Dec. 3 (UPI) — The parents of 628 migrant children separated at the U.S.-Mexico border remain missing, according to court filings Wednesday.
The filing from the Justice Department and the American Civil Liberties Union is part of an ongoing effort by court-appointed lawyers to locate the parents of children who were separated from one another at the U.S.-southern border during and prior to the Trump administration’s “zero tolerance” immigration policy.
A filing in early October initially reported that the committee of lawyers were unable to find the parents of 545 children and a report in early November raised that total to 666, but the filing Wednesday said that the parents of 38 of those children had since been found.
In addition to locating some of the parents, the filing stated that Justice Department data from the Executive Office of Immigration Review including phone numbers that had not previously been known “among other things” had been released to the lawyers last week.
“We hope we can find a significant number of parents and children through this information. But make no mistake about it: Not only has the Trump administration not been helping us, but it’s now clear they failed to disclose information in their possession,” said Lee Gelernt, deputy director of the ACLU Immigrants’ Rights Project.
The Trump administration in 2018 instituted the “zero tolerance” policy that separated migrant children and their parents at the U.S.-Mexico border and later said it began separating families in 2017 under a pilot program.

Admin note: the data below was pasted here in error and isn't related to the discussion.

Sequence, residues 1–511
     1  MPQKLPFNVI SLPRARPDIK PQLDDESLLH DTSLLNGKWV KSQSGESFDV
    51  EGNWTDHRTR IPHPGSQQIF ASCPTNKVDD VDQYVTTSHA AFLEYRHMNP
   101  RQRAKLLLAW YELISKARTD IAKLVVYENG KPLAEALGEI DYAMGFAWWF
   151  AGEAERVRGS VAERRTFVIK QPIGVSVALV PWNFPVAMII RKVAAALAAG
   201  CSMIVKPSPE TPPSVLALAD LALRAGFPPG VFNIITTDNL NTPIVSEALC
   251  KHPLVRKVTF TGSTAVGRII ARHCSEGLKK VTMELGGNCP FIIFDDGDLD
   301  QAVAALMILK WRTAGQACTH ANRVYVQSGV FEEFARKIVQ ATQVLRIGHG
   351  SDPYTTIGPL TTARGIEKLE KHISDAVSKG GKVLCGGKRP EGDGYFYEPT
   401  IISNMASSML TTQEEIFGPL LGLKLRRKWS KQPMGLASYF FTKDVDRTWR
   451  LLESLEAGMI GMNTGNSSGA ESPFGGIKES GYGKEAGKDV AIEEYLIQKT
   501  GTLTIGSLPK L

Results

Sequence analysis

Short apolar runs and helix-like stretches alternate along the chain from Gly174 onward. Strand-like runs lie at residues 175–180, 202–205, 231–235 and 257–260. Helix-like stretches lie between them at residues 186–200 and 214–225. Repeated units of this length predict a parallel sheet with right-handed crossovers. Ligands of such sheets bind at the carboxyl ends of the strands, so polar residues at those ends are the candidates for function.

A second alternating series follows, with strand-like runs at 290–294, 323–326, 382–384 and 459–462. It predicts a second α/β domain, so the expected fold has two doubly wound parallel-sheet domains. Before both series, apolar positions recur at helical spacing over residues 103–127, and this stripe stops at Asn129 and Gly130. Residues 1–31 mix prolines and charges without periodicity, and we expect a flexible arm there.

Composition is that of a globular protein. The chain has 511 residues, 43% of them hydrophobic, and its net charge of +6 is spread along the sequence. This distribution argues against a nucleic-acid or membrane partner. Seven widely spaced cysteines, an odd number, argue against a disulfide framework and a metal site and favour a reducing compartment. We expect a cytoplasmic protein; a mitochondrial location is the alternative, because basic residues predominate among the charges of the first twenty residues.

Following the report in October, then-presidential candidate Joe Biden criticized President Donald Trump for his administration’s policies during the second presidential debate.
“Their kids were ripped from their arms and separated and now they cannot find over 500 of the sets of those parents and those kids are alone,” he said at the time. “Nowhere to go. Nowhere to go. It’s criminal. It’s criminal.”
Gelernt said lawyers had long sought the information from the Trump administration but suggested the comments at the debate helped spur their release.
“We’ve been asking them for any additional information they have forever and we only finally got this information after outcry that parents could not be found and the issue reached the presidential debate level. This information we should’ve gotten a year ago, at least a year ago,” Gelernt said.
In early October, the ACLU also filed a lawsuit suing the Trump administration seeking damages for immigrant families who suffered under its family separation policy.